This course introduces the challenges of sustainability as applied to the built environment and the built environment's interconnectivity with the natural environment. It addresses a range of specific sustainability-related issues such as sprawl and smart growth, climate change, motorized and non-motorized transportation, social equity and environmental justice, green architecture, food systems, and community engagement. Students will do substantial background reading, engage in class discussion, and apply their skills to a small-group, real-world project. CP
Farmer’s markets, especially in urban neighborhoods, provide opportunities not only for healthy lifestyles through improved nutrition and exercise, but also for sustaining communities. For seniors, who struggle with loss of community and increasingly isolation as their mobility declines, neighborhood farmers’ markets provide a unique opportunity to overcome barriers to nutrition, activity, inclusion and social connectedness. Universal design is a key component for ensuring equal access to farmer’s markets. From the location of the market, to the neighborh
This hands-on seminar/workshop will curate, develop materials for, design, and install the upcoming exhibition, NECESSARY TOMORROWS : AFROFUTURISM IN ART, ARCHITECTURE, & DESIGN. As an aesthetic, political, and epistemological movement, Afrofuturism has been steadily gaining currency and generating broader interest over the past few decades. The movement's ethos has become urgently relevant to our present times.
In 2016/17 students from three universities, Georgia Tech, Have Tech, and PBSA Düsseldorf, are collaborating to design and build a residential compound in the Volta region in Ghana. Working with the NGO Meeting Bismarck, the community of Have, local and international engineers and the department for Health of the Volta region, the project aims to revive vernacular construction techniques such as bamboo through digital design methodology and c raft. The Midwives Quarters Have provide housing for midwives and international aid workers to enable their work at the Health Clinic in Have.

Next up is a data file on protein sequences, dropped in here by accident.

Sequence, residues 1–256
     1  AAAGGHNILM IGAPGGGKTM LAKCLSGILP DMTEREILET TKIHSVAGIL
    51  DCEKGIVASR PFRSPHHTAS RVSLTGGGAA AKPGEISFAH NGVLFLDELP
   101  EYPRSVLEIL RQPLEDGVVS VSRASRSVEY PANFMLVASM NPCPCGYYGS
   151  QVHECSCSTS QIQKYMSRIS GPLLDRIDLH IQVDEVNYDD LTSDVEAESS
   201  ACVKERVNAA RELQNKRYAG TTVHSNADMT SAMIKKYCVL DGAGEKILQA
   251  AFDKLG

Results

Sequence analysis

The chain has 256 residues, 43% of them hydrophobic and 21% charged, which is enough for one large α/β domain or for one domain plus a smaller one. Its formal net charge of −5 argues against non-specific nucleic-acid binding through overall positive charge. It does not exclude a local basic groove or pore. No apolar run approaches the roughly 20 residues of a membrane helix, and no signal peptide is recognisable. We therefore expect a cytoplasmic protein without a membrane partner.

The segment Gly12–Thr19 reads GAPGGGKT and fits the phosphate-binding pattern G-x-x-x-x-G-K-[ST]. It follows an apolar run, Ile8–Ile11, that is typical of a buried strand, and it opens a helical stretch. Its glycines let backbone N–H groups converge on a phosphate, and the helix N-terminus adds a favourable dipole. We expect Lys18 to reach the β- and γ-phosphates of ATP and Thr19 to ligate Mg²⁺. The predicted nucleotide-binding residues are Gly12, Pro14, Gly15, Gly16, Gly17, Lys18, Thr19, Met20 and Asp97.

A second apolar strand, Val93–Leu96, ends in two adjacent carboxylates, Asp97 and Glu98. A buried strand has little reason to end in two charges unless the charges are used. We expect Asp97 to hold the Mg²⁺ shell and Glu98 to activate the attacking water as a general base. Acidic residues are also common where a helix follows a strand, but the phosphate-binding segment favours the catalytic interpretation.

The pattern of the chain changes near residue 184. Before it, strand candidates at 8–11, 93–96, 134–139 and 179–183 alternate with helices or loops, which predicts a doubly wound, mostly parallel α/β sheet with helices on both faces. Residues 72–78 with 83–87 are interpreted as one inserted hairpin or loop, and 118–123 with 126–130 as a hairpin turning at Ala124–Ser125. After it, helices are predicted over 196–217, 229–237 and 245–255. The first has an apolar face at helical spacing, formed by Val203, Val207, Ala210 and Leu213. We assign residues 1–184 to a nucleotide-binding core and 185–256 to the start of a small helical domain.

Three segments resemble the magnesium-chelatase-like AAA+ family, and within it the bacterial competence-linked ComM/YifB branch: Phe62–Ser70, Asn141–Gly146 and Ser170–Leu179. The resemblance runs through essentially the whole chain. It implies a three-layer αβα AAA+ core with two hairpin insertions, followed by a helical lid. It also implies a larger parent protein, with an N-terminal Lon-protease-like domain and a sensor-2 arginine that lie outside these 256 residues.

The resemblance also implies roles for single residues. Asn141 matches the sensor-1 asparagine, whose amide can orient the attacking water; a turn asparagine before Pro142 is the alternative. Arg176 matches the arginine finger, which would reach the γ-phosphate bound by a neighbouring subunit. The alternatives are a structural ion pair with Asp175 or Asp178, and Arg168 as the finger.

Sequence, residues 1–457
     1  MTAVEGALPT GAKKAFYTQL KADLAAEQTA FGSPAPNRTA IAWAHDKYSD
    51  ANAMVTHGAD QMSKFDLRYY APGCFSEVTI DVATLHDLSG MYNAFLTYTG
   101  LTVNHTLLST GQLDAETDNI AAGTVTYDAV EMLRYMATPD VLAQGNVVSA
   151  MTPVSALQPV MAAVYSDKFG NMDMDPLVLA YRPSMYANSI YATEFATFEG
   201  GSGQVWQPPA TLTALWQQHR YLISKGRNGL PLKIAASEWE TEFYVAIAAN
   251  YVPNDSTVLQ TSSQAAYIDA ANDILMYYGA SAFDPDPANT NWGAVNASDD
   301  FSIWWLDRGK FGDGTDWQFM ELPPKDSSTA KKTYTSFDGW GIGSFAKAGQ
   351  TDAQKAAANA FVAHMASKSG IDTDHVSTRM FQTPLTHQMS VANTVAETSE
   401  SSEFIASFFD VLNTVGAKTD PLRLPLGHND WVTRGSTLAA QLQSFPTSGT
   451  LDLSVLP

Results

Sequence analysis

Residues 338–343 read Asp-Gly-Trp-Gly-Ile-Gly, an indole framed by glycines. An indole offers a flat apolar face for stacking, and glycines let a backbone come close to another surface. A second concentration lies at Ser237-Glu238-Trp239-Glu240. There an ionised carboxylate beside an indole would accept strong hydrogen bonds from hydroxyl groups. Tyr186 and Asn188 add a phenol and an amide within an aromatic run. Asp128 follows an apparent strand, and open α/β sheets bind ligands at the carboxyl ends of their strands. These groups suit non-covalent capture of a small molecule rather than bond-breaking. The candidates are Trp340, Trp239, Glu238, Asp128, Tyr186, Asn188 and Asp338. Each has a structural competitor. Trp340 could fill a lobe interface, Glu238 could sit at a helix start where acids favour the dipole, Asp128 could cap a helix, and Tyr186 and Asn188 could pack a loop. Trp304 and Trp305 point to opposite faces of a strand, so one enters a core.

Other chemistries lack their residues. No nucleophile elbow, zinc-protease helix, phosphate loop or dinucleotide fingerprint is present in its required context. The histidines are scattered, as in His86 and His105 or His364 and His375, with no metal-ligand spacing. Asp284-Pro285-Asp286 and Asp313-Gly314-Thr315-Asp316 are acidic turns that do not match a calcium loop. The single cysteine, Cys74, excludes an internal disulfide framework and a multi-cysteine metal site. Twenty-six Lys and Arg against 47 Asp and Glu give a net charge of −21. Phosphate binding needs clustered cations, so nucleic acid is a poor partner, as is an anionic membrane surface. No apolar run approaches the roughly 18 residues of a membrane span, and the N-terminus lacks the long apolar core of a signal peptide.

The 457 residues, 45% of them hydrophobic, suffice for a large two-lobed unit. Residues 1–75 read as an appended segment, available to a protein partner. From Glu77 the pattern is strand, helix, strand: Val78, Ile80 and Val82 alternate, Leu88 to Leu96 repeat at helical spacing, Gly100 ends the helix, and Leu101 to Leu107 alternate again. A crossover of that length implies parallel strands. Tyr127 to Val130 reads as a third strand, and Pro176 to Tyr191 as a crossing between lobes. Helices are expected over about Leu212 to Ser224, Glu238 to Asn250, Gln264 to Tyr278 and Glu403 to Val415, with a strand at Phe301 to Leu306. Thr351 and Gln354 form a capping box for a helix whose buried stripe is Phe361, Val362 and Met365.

Direct design of cities is often regarded as impossible owing to the fluidity, complexity, and uncertainty entailed in urban systems. And yet, we do design our cities, however imperfectly. Cities are created objects, intended landscapes, that are manageable, experienced and susceptible to analysis (Lynch, 1984). Urban design as a discipline has been focusing on “design” in its professional practices.
This course will help students develop an understanding of the history, philosophy, organization, current legislation, policies, and practices of historic preservation in the United States. The course is designed to give students an overview of the field and its relationship with other built environment professions, such as architecture, construction, planning, engineering, and landscape architecture and the critical role historic preservation plays in creating sustainable communities. Service projects give students real-life experience in historic preservation.
This course is an introduction to urban passenger transportation policy and planning in the US with a sustainability focus. The course is structured around three components on which we will spend approximately five weeks each: 1) History, theory, and problem definition 2) The planning process, and 3) Solutions. Throughout the semester we will come to understand how our current transportation systems came to be, what a sustainable system would look like, policies and planning approaches that will help us to achieve it, and challenges we’re likely to face.
Policy Tools for Environmental Management constructs a general framework for analyzing environmental issues, and develops concepts and techniques for managing environmental systems, within the context of environmental planning and policy within sustainable communities.
The course focuses on strategies and technologies to improve the energy efficiency and performance of buildings, and to reduce the environmental impact of buildings. The course emphasizes technical aspects of building design, materials selection, construction processes, and building operations. The use of objective criteria for assessing building “green-ness”, from meta issues such as building location and site – to operational details such as the selection of cleaning chemicals, is stressed throughout the course.